Isis: Suspected recruiters and supporters arrested in crackdown on new terror cell in Belgium

Police search 15 houses in operation against group planning to travel to Syria

Lizzie Dearden@lizziedearden
Wednesday 19 October 2016 14:17
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Police officers take part in an operation in Schaerbeek - Schaarbeek, Brussels, late on March 24, 2016
Police officers take part in an operation in Schaerbeek - Schaarbeek, Brussels, late on March 24, 2016

A suspected terror cell has been arrested in Belgium as authorities continue hunting down Isis supporters.

A new wave of police raids were launched on Tuesday morning, seeing officers search 15 homes in Ghent, Deinze and Antwerp as part of an operation coordinated by Europol’s European Counter Terrorism Centre.

The federal prosecutor’s office said 15 people were taken for questioning, including four who have subsequently charged with terror offences.

“Those persons have been indicted because of participation in the activities of a terrorist group, amongst others its funding,” a spokesperson said.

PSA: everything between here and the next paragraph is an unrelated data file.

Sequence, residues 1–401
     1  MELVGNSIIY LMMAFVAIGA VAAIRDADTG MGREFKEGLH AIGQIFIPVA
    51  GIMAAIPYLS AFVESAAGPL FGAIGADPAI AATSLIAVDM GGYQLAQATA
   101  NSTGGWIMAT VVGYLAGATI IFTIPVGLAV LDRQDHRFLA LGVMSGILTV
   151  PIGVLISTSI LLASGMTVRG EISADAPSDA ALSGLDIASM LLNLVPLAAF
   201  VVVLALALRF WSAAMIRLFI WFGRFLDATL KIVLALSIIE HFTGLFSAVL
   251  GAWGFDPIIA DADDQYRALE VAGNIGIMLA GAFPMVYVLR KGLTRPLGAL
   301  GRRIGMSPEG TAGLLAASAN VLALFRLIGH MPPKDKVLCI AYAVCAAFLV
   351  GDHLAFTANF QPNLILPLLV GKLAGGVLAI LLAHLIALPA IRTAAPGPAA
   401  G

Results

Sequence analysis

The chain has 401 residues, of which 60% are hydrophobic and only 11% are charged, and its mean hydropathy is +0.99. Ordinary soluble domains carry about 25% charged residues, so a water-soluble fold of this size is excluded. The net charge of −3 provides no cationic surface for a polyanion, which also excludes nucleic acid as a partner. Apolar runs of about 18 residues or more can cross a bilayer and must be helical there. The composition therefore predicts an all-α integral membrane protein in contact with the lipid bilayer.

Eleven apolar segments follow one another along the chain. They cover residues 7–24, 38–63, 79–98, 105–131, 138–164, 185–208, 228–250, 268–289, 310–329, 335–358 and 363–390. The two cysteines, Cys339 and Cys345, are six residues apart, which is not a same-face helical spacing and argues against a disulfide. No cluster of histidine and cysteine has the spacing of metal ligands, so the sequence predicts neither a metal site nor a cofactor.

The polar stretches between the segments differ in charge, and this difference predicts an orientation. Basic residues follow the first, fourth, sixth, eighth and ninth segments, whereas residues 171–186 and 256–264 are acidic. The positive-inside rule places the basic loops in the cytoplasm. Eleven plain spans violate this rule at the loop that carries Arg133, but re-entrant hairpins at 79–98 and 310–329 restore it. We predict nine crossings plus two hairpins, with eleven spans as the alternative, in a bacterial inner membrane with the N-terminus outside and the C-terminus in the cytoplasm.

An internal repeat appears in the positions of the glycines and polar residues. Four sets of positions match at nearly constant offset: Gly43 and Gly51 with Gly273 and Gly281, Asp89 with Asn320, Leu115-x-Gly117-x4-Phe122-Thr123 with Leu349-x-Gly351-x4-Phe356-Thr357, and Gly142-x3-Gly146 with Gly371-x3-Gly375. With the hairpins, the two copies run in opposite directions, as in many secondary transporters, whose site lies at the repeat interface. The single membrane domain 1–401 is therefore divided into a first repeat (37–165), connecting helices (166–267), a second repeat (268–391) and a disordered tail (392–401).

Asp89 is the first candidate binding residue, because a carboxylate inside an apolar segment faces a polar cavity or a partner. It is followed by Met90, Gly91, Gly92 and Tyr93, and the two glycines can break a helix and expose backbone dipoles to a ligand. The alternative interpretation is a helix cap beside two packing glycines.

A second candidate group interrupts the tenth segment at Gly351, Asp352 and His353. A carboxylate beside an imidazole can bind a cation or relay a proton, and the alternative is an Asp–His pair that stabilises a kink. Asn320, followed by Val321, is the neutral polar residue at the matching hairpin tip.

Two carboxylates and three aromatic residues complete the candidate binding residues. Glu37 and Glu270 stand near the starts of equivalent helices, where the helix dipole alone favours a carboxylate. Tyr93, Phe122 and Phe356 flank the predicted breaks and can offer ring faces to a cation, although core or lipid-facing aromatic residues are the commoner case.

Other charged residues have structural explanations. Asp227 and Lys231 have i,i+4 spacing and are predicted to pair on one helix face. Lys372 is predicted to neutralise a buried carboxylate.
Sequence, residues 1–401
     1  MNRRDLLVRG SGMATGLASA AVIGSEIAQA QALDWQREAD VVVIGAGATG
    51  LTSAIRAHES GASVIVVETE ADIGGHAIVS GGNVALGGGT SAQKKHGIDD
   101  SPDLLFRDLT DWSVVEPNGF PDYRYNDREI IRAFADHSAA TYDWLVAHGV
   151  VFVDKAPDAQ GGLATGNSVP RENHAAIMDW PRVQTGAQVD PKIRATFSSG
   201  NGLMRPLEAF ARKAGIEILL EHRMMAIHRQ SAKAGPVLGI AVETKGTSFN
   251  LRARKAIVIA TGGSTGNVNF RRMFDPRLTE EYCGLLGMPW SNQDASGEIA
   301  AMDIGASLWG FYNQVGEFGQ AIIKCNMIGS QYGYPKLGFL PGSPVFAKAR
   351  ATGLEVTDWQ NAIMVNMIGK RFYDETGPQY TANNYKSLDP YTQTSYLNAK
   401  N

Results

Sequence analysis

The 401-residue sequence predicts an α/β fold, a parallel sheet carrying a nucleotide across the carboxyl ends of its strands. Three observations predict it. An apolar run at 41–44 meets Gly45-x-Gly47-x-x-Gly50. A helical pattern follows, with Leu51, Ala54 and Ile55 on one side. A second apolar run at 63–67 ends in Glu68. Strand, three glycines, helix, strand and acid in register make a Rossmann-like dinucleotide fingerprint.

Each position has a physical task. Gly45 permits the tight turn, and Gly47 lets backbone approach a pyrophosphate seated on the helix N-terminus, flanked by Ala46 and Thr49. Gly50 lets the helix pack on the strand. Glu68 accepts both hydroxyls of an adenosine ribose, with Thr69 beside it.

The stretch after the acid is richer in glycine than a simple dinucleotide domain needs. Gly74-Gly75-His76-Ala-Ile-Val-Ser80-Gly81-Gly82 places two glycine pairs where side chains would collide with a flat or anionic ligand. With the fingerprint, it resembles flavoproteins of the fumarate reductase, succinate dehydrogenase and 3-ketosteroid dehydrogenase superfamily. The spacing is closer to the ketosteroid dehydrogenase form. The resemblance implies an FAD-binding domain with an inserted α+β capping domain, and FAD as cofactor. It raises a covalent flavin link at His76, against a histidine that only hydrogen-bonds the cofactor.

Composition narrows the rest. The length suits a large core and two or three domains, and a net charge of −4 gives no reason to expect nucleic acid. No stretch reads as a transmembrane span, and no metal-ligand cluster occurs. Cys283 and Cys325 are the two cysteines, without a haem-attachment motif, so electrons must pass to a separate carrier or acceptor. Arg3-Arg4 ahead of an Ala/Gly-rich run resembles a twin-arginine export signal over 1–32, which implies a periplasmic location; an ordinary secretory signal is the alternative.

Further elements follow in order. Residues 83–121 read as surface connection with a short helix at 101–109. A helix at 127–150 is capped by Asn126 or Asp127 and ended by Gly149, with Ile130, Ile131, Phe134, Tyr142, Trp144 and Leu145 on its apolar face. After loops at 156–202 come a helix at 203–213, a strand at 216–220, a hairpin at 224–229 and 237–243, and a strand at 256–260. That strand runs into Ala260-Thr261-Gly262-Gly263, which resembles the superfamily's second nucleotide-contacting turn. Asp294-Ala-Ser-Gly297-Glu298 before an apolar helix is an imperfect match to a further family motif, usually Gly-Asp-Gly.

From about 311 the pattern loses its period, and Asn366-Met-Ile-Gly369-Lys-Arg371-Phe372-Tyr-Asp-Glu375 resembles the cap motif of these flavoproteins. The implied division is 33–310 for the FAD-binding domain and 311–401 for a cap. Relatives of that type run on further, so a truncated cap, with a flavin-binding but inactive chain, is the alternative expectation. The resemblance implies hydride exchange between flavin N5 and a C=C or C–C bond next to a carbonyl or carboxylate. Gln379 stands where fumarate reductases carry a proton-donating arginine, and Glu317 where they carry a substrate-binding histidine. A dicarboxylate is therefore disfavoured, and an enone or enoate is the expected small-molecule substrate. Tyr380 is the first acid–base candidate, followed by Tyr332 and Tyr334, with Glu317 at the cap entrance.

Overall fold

“Some of them are suspected of recruiting people with a view to departing to Syria and joining Islamic State [Isis] there.”

No guns nor explosives were found and officials said no link had yet been established to the attacks on Brussels Airport and Maalbeek Metro station on 22 March.

The massacres, which killed 32 people, were carried out by the same “super cell” of jihadis who carried out the Paris attacks in November.

Mohamed Abrini, an accomplice of the Paris attackers, was among the Brussels bombers after evading detection by security forces for more than four months.

He was a childhood friend of fellow suspect Salah Abdeslam, whose brother Brahim blew himself up on the Boulevard Voltaire during the Paris attacks.

The pair grew up in Molenbeek, now notorious as a “breeding ground” for extremism, while several other suspects were Belgian and used the country to prepare the atrocities in both Paris and Brussels.

The revelations turned international scrutiny on Belgium’s security services, with interior minister Jan Jambon admitting “inexcusable” blunders with the handling of intelligence.

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